June 24, 2019

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Arizona Motorcycle Laws

The freedom of riding on a motorcycle in an open road is rich and rewarding. Because of the weather in Arizona, we have more riders than most other states. However, before you hit the road you need to know how to stay safe and follow the rules. The following article is intended to inform you about Arizona’s motorcycle laws and provide a few general safety tips.

Arizona Motorcycle laws and Regulations

  • Motorcycle Requirements
    • Handlebars may not be above your shoulders when you ride
    • Operational mufflers are mandatory on motorcycles in Arizona, but sound restrictions depend on the model of your motorcycle
    • Turn signals are not required, but you must use hand signals if you do not have turn signals
    • At least one side mirror
    • A taillight
    • Front and rear wheel braking systems
    • At least one headlamp
    • A horn
    • If you are carrying a passenger, your motorcycle must have a passenger seat, footrests, and hand grips
    • Spark arrestor
  • Rider/Passenger Equipment Requirements
    • Riders and passengers under the age of 18 must wear a helmet
    • There are no restrictions on helmet speakers
    • All riders and passengers must wear eye protection, unless the motorcycle is equipped with a windshield
  • License Restrictions
    • You must be 16 years old to obtain a motorcycle license in Arizona
    • Riders that are 15 ½  may obtain a motorcycle permit that is valid for seven months
    • Riders under the age of 18 must hold a permit for six months, pass a DMV approved motorcycle education course, or have their parent/guardian certify that they have practiced riding a motorcycle for 30 hours to obtain a motorcycle license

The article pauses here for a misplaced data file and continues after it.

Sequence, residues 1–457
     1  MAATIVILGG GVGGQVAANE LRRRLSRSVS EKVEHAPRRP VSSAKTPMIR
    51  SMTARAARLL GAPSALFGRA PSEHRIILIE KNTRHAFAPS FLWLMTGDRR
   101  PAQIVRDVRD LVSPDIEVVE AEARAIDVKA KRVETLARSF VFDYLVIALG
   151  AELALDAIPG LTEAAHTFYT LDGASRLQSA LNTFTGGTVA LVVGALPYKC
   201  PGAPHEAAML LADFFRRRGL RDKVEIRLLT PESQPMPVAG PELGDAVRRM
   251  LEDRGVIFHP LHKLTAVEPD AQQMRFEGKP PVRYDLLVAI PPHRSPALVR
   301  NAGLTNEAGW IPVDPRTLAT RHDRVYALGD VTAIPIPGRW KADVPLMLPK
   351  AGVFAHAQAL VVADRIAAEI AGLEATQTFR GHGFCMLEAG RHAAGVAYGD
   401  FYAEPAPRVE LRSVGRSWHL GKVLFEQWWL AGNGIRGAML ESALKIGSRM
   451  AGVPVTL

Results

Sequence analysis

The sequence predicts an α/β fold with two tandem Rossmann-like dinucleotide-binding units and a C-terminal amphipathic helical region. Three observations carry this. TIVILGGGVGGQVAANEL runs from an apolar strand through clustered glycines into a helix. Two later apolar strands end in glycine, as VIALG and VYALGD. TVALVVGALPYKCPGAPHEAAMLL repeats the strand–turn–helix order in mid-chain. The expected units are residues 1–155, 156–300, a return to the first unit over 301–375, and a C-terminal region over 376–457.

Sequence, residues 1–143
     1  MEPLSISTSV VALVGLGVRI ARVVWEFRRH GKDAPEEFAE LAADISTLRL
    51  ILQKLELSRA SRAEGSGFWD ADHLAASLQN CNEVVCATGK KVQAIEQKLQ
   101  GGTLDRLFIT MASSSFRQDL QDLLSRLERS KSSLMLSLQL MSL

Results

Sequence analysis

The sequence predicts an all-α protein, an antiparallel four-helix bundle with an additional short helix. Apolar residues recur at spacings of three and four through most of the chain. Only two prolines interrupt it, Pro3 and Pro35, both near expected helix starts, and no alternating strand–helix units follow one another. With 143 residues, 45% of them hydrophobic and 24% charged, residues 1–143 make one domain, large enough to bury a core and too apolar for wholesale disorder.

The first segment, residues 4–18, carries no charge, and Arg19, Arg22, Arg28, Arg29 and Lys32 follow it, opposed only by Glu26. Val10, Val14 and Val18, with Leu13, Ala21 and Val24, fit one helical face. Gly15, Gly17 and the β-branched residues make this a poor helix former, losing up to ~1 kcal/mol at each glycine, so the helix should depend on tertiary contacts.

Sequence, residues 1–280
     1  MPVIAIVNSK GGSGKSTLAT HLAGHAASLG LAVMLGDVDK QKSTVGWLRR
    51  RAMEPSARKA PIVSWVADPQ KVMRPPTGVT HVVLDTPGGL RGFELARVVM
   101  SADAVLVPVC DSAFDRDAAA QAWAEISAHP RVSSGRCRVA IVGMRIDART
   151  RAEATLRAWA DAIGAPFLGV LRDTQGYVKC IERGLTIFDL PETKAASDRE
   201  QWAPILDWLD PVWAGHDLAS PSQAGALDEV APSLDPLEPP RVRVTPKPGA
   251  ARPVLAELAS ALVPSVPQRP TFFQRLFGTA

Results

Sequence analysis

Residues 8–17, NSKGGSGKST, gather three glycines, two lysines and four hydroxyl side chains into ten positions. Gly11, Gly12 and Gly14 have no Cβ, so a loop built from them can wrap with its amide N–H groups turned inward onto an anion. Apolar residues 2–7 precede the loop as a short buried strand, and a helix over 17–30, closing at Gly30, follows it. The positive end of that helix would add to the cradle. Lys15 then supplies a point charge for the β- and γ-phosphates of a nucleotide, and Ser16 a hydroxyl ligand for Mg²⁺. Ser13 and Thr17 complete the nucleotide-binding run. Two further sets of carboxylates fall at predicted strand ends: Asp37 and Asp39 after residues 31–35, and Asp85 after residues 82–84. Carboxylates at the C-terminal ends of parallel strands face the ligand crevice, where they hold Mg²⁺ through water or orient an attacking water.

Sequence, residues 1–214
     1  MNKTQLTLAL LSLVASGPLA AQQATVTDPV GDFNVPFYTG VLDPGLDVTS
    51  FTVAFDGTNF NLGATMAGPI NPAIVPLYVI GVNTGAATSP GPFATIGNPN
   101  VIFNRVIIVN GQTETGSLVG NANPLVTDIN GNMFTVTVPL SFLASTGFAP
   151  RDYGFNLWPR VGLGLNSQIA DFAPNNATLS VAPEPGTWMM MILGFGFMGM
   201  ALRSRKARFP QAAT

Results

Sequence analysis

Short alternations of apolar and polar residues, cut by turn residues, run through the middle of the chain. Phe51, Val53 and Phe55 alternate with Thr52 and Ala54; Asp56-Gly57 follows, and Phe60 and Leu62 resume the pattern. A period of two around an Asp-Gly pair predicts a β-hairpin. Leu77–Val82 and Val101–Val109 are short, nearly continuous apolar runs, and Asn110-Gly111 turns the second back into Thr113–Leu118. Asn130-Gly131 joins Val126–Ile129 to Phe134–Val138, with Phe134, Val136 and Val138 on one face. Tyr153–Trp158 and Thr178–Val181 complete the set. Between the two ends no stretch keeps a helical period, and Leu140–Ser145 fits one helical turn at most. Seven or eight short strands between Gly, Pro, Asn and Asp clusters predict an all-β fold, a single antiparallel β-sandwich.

• Insurance Requirements
    • $15,000 of bodily injury coverage if one person is involved in a crash
    • $30,000 of total bodily injury coverage if multiple people are involved in a crash
    • $10,000 of property damage coverage

Safety Tips

  1. Prepare for a crash before one happens.
    Even the most experienced motorcyclists crash every once in awhile. In order to stay safe in the event of a crash, you should know what you will do if you do crash. This means that you should become very familiar with your insurance policy, and keep relevant medical information on your person when you ride. If you do crash, remember to stay calm and that personal safety comes first, your motorcycle can always be repaired later. Most motorcycle crashes happen with five miles of where the motorcycle was started because many beginner riders do not take the time to “break in” their bikes. Attending a motorcycle safety course would be an excellent way to sharpen your skills and become more familiar with your motorcycle.
  2. Wear protective clothing.
    You will be exposed to everything that the road has to offer when you ride on a motorcycle. So, you should wear clothing that is appropriate to protect you from weather, debris, and other dangers on the road. Wear durable clothing that will protect you in case you accidentally slide your motorcycle. Some motorcycle companies manufacture their own clothing with built in armor, but jeans and a leather jacket work too. Make sure that your helmet fits snuggly onto your head and that your chin strap is securely fastened so it won’t fall off if you crash. You should wear heavy boots that come up above your ankles. This will make shifting gears easier and might save you from a broken foot bone if you crash.
  3. Have more than the minimum amount of insurance.
    There are several situations that would not be in your best interest if you do not have enough insurance. You should consider the following coverages for your policy:

    1. Additional medical and liability insurance can save you from a lot of heartache. Not having enough of this basic (not to mention mandatory) coverage can leave you with a tremendous amount of financial debt.
    2. Comprehensive coverage will compensate you for damage caused to your motorcycle that was not caused by a collision with another car. For example, if your motorcycle was stolen, or if you crashed into a wall, the damages to your motorcycle will be covered.
    3. Uninsured/Underinsured coverage will compensate you for medical and property damage if you’re involved in a crash with someone who does not have insurance, or whose  insurance won’t cover all of your damages.
    4. Roadside assistance is helpful for riders who are planning on going for a long road trip. If you break down on the side of the road, roadside assistance will pick you up and tow your motorcycle to a repair shop.
About Zac Pingle

Zac Pingle was born in Florida, and grew up in several places across the United States. From a young age, Zac developed a taste for writing, reading under trees and getting into trouble. Currently, Zac resides in Oregon as a college student where he aspires to become an English professor.